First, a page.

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(1). Sometime in the future, somewhere on the package, there is a line of fine print. (2). It says, "WARNING: users under age 18 has been determined bad users, thus the use of this commercial CFD code can be hazardous to your health." (3).It is an irony, that on the front of the package, there is also a line of print, it says " Our policy is: the customer is always right."
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Old   August 21, 1999, 23:41
Default Commercial CFD Codes Forum
  #32
John C. Chien
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(1). After a week or so, thinking this commercial code support issue, I will state my personal feeling briefly here. (2). I have a strong belief that CFD is neither a code nor a computer. I think, CFD is a human activity which involves in the numerical solution of fluid dynamics problems in general, at some stage in the process, it requires the help of the computer. (3). In the past, the computer hardware companies used to involve in CFD heavily. And In many cases, the super-computer, the mini-supercomputer were all designed to solve CFD problems. And hundreds, and thousands of CFD related computer codes also have been developed and written by researchers and engineers in CFD field. (4). Since the issue of the support of the current commercial CFD codes are related to some specific commercial CFD codes, I think, it is a good idea to have a separate forum on Commercial CFD codes. (5). In this way, the questions unique to the specific commercial CFD code can be addressed. I think, this is a better approach because those questions asked specific to the operations of a commercial CFD code, in gereral is not CFD questions. CFD is not about selecting an option, setting a boundary condition, or reading a format file in a commercial CFD code. Those questions are purely related to the operation of a code. (6). I think, this is an important issue. Answering commercial CFD code questions, promoting commercial CFD codes should be treated in a special category. A forum on the applications of commercial CFD codes would be more appropriate in this case. (7). In this way, it also will take the pressure off from the readers who are interested in answering the posted questions, without worrying about being attack by a pro-CFD code user. (8). It is not healthy to continue on the current format.
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Old   August 23, 1999, 06:55
Default Re: Customer Services
  #33
Michael R. Rasmussen
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I will try to answer your questions:

1) For two of the codes there is access to the code through Fortran routines. It does not mean direct access to core code, but it is pretty much possible to re-program both CFD programs from the lowest levels - if you know what you are doing (and read the manual!). I use it for example to alter the rheology in multiphase flow, as the standard CFD programs do not have the facilities that I need.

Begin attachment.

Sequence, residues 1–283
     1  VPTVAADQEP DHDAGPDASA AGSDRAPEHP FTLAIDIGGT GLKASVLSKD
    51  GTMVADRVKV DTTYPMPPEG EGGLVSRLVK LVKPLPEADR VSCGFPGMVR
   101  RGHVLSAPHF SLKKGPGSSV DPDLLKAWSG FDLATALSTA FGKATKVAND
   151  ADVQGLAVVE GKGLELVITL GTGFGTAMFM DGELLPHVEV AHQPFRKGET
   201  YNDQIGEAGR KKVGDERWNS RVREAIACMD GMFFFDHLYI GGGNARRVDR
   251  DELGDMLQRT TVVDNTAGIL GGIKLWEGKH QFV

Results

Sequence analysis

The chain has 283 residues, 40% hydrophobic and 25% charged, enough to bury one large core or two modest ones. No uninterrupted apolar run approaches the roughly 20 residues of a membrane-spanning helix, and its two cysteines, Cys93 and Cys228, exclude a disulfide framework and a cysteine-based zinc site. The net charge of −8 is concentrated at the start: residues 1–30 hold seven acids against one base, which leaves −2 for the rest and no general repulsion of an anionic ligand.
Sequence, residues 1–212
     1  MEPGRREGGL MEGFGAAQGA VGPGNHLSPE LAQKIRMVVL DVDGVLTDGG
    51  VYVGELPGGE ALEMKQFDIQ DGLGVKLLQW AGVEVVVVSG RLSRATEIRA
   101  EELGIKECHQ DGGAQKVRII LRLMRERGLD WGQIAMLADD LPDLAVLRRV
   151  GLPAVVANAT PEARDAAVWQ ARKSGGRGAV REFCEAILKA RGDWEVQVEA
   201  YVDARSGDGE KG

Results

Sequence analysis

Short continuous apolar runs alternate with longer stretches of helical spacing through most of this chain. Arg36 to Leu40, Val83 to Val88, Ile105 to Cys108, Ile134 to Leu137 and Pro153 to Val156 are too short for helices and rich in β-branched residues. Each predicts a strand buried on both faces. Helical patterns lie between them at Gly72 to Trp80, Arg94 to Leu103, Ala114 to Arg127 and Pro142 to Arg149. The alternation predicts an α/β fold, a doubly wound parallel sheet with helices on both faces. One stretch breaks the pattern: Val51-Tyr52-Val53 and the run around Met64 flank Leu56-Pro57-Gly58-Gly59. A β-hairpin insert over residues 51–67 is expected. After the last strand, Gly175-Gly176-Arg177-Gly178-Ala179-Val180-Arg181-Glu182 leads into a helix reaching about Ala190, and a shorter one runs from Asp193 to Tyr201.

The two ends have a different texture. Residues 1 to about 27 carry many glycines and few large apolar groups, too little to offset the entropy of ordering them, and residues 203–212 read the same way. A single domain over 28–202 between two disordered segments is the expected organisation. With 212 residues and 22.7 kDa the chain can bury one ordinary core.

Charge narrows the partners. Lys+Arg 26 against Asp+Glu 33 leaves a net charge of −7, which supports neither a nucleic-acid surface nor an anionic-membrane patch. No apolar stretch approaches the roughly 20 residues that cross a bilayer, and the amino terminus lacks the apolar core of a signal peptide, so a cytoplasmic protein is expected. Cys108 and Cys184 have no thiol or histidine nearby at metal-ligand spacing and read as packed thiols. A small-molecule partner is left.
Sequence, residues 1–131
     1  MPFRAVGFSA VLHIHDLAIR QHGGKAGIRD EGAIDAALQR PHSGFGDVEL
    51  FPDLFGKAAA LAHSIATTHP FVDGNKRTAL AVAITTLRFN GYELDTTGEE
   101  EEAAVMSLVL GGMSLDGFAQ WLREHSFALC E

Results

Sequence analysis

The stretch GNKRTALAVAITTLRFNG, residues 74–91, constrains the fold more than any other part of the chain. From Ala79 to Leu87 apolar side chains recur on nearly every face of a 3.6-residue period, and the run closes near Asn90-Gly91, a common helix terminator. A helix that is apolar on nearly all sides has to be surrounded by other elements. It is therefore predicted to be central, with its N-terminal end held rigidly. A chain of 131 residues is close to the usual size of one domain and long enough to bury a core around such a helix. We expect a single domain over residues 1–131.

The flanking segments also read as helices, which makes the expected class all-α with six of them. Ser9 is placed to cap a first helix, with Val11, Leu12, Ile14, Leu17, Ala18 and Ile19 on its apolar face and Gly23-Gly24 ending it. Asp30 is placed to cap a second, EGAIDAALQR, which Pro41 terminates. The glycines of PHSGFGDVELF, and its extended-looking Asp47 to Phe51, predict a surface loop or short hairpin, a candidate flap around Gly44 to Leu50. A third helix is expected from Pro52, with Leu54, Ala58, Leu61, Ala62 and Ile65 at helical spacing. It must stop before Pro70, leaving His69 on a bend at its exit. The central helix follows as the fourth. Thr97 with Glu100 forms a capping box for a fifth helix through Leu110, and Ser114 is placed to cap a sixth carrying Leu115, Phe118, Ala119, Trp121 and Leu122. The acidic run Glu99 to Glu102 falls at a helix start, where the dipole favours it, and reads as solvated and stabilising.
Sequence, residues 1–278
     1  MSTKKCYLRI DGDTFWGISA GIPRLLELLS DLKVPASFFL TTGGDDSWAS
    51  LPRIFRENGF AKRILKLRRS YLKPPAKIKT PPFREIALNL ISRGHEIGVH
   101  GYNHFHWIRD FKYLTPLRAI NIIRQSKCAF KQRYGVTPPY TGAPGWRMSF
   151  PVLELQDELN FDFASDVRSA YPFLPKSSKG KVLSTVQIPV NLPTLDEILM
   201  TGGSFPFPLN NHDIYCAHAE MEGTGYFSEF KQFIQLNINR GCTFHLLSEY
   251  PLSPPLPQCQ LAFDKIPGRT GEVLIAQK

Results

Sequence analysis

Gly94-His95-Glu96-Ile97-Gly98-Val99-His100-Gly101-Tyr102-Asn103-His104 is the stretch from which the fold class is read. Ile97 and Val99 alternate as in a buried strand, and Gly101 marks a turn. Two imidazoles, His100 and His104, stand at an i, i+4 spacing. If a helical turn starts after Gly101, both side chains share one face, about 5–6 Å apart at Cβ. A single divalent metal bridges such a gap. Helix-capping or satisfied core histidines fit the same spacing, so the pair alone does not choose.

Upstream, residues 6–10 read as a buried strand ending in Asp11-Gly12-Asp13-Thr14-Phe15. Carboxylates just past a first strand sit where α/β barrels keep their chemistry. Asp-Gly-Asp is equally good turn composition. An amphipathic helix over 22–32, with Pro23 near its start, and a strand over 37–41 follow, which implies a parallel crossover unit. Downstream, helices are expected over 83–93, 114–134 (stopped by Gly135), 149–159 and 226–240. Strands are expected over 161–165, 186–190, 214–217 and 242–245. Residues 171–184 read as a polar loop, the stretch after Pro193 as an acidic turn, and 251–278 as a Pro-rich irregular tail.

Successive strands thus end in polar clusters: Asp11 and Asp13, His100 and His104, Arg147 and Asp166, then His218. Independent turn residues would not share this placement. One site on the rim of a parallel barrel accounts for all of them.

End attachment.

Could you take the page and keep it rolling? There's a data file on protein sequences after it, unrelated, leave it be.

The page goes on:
2) There can be differences between codes due to different implementation and solution techniques. When I get at new software I always test it on standard hydraulic problems, where I know the answers. Students use the same software though their projects, so we do not - on a student level - spend much time on comparing different packages. (I don't think it is important).

3) I do not advice industry to use different packages. They usually have the money to buy the program, the training and support they need. I only try to analyse what need - the few companies I have been involved with - have and point in the direction where I think they will get the results they want. It is very informal and most times they have never thought of using CFD - so we get an interesting discussion. For my part I get to see different industry related problems, which I can use in the education.

4) No what I meant was that the result coming from the academic area is public domain. Every vendor can use it or not. If you look at the models implemented in the CFD programs, many of them heavily sited in the literature ( and thats why all CFD programs have many of the same models implemented). The CFD programs are rather conservative, when selecting what model should be implemented. There need to be a general acceptance of for example a turbulence model before it is offered as an option in a CFD program. In that sense you pay for the implementation of the model - not the model itself. I don't think there would be any commercial CFD software if it was not for the work done for example at the universities. BTW I think that in some academic licenses, the user are obliged to send a copy of an article if it is based on CFD program.

5) I do not take credit for any model and therefor no responsibility (see 4).

6) As a good engineer I test the model under different conditions, where I know the answer. If I cannot develop an analytical solution to my model, then I compare it to measurements.

7) I can only speak for myself. I do not train students in a specific program - I find it uninteresting. It is more interesting to teach the students to be critical to the code they have in their hands and develop skills for analysing and interpreting results. If they use a specific program the it is just a matter of reading the manual and learning how to get things set-up correctly. In my experience - if you know one program very well you can fairly easily change to another.

generally speaking I find that commercial CFD programs are launching pads for development. I don't want to spend 3 years getting a unstructured grid generator to work, when I know that this has been done many times by others. But if I can use a "open" CFD program to study the physics of what I'm working with, without spending lots of time programming, then it is great !!

Regards

Michael